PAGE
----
Please always ask about their experience, how long they have provided such services and their last place of employment. Then proceed to ask for the reason why they left. You are most likely going to hear things like my boss and his family got transfered or relocated, or my boss stopped working or was sacked and sent me back to the village because they could not afford my salary. The funniest one I have heard is, “my madam was very wicked to me and she did not like me because her husband gave me money to give my mother so she beat me up,” and so on. At this point, you need to ask for references; make sure you have contact details of a member of her family apart from that of the agent which is mandatory. Try and locate the address of both parties in case anything happens.
On that first day, ask them about their history, all they do for a living especially their number of siblings and if their parents are alive because I know of some of them whose mothers died twice and they had to go for burial.
Chat with your kids and get them to be free around you. Ask them about events of the day but make sure you do that when you are alone with the kids.
Ask your nanny to lead the prayers, at least once a week, regardless of your denomination. Guide the prayer points so he or she will follow that line.
Very importantly get an identity card for them and keep a copy with you. Prepare a document with all their particulars and have them sign it.
1) Take her to your hospital and do an HIV test, pregnancy test and test for any disease that may be serious.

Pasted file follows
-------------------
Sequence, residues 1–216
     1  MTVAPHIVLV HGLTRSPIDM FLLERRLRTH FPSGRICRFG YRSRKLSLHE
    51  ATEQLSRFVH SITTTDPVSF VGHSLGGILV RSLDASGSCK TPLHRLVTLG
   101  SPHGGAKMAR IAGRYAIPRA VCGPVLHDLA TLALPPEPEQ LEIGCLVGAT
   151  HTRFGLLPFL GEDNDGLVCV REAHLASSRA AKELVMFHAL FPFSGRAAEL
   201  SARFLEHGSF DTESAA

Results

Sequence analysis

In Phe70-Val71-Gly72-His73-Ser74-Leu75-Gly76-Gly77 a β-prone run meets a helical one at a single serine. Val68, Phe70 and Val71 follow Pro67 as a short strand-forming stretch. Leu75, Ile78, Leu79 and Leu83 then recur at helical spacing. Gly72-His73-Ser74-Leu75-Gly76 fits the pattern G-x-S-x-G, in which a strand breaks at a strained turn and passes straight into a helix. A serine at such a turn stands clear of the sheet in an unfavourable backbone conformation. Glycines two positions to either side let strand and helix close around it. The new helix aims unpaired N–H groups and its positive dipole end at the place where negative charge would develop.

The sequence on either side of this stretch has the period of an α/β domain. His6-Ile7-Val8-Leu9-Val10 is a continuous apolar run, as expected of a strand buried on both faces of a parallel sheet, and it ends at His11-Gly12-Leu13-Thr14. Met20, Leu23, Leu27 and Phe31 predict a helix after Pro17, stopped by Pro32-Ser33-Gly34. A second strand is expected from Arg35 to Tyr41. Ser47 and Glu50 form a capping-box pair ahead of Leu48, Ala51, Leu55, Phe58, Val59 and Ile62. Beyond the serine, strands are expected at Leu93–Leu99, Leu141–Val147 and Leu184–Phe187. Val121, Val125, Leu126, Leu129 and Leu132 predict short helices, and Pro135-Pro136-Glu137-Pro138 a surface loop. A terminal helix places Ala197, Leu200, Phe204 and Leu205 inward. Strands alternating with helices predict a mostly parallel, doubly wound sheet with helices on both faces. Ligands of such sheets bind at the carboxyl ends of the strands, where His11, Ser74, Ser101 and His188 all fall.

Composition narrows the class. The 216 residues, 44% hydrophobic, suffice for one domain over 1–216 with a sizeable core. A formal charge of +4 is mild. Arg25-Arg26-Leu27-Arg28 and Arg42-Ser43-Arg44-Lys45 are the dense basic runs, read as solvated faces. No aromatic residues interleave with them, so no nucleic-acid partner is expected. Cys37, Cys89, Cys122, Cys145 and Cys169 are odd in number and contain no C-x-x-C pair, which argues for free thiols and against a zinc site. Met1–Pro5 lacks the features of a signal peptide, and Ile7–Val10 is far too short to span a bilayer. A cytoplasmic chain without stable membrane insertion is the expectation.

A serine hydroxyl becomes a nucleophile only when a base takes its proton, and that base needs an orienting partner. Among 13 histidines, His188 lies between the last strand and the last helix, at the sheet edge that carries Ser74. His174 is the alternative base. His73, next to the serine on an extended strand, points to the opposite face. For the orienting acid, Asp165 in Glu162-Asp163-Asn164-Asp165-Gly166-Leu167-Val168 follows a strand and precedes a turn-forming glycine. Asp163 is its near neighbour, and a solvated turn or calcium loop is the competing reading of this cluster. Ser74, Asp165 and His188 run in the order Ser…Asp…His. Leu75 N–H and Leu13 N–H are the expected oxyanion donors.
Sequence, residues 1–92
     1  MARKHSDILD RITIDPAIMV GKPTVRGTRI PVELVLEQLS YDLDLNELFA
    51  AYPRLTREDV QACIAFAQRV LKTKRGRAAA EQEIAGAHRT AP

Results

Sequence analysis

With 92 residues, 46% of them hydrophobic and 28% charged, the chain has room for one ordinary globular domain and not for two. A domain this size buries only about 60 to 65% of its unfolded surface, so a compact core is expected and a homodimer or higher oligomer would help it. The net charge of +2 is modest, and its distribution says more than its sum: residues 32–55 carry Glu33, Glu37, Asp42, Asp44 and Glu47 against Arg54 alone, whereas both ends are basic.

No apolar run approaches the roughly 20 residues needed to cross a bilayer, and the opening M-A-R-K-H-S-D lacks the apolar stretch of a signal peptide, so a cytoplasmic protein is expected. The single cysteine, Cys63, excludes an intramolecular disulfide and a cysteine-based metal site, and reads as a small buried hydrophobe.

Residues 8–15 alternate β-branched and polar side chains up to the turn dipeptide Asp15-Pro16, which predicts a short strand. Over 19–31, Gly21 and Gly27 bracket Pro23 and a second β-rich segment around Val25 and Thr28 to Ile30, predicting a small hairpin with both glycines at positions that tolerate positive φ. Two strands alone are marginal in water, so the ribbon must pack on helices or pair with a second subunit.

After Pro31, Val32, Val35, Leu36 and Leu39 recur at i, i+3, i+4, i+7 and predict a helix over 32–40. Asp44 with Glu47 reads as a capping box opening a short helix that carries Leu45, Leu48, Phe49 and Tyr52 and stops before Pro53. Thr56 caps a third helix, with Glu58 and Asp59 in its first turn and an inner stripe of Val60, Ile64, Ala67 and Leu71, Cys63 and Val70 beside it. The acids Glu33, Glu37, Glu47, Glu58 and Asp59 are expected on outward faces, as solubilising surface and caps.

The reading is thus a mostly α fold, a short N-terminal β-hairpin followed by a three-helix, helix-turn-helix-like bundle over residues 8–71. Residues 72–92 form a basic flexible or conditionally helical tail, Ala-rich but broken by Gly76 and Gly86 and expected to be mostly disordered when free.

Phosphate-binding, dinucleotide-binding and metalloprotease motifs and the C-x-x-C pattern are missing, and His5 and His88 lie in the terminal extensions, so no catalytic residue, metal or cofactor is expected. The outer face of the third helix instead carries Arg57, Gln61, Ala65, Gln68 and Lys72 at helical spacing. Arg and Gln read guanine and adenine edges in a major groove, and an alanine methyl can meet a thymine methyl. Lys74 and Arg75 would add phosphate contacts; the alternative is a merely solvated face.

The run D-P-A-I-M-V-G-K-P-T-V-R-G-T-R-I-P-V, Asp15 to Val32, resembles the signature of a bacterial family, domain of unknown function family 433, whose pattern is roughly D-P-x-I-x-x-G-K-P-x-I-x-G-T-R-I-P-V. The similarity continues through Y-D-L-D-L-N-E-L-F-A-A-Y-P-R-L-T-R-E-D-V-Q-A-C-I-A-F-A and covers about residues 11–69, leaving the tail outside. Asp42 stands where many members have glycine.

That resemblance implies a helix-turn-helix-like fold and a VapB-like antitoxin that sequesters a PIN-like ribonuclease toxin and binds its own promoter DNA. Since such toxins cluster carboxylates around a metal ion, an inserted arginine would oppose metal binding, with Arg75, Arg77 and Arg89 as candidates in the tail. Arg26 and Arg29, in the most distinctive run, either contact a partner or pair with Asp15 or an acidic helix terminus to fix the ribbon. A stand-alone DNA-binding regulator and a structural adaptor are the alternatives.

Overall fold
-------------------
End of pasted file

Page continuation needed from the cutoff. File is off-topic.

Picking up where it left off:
2) Make sure you know at least two persons that are her relatives.
3) You need to know where she lives (family house or  her base)
4) Get guarantors and confirmation from the last person she worked with.
5) You might want to take her to your place of worship for prayers.
6) I don’t think it’s advisable to let her sleep in the same room with your kids till at least after the first month.
7) Try and be responsible for her toiletries and do a routine check through her things. This might sound harsh and old fashioned but you might be shocked at what you might find.
8) If you have a son who is about ten and above you might want him to start doing things himself because they are normally victims of sexual abuse.
If she has no reason to enter your matrimonial bedroom then let her stay out of it
9) Short dresses, tight jeans, eyeliners, lipsticks and weave-on, these are things that you might allow unconsciously but think about this – who are they trying to impress, why is there a need for all that when their priority is to the job, which is to take care of children?
10) Do not encourage off days too frequently without knowing where exactly they would be.
11) Look out for skin discoloration and bloating.
These are not meant to scare you but just for us all to be more careful because the world is no longer what it used to be. I am not claiming this will prevent anything, but I believe it’s a step in the right direction. And trust me, the safety of our children is worth all the trouble. Good luck to you all

5 comments:

  1. Nice read Stella. God bless u for d information.

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  2. thanks for dis priceless info

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  3. God bless you for this and am very happy that someone has thought it very important to do this. have had like 4 different nannies since the beginning of the year and even though the changes have been stressful since i work, its worth it cause both my kids are under five and their safety and well being are paramount. I have stories i can tell but basically i always let them know that "soldier come,soldier go".
    I always make sure i take them for medicals when they come and am definitely responsible for their toiletries cause i believe that anyone taking care of your kids need to be clean inside and out.
    Will love to read more articles like articles like this from you. cheers dear.

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  4. that was an indepth research, tnx stella, they ar really necessary evils